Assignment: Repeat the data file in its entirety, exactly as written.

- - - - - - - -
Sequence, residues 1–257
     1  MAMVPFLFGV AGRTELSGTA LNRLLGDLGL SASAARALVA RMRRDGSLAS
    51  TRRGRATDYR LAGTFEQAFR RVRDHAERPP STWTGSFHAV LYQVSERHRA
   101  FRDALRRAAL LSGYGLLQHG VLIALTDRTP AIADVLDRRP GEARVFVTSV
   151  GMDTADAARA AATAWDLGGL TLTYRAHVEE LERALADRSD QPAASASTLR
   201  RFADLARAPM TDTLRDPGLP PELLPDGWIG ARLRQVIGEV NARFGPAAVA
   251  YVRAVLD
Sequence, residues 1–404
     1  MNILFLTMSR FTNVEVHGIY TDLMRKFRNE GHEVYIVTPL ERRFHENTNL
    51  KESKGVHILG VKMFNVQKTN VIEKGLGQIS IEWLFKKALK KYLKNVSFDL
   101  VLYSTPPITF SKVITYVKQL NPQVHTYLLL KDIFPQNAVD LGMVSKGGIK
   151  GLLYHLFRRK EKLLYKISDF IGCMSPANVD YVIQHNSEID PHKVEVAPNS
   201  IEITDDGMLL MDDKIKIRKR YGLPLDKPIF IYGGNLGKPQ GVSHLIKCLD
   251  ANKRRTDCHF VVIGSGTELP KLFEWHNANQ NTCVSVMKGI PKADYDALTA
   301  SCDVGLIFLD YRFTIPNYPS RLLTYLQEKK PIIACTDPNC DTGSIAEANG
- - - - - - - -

Sequence, residues 1–257
     1  MAMVPFLFGV AGRTELSGTA LNRLLGDLGL SASAARALVA RMRRDGSLAS
    51  TRRGRATDYR LAGTFEQAFR RVRDHAERPP STWTGSFHAV LYQVSERHRA
   101  FRDALRRAAL LSGYGLLQHG VLIALTDRTP AIADVLDRRP GEARVFVTSV
   151  GMDTADAARA AATAWDLGGL TLTYRAHVEE LERALADRSD QPAASASTLR
   201  RFADLARAPM TDTLRDPGLP PELLPDGWIG ARLRQVIGEV NARFGPAAVA
   251  YVRAVLD
Sequence, residues 1–404
     1  MNILFLTMSR FTNVEVHGIY TDLMRKFRNE GHEVYIVTPL ERRFHENTNL
    51  KESKGVHILG VKMFNVQKTN VIEKGLGQIS IEWLFKKALK KYLKNVSFDL
   101  VLYSTPPITF SKVITYVKQL NPQVHTYLLL KDIFPQNAVD LGMVSKGGIK
   151  GLLYHLFRRK EKLLYKISDF IGCMSPANVD YVIQHNSEID PHKVEVAPNS
   201  IEITDDGMLL MDDKIKIRKR YGLPLDKPIF IYGGNLGKPQ GVSHLIKCLD
   251  ANKRRTDCHF VVIGSGTELP KLFEWHNANQ NTCVSVMKGI PKADYDALTA
   301  SCDVGLIFLD YRFTIPNYPS RLLTYLQEKK PIIACTDPNC DTGSIAEANG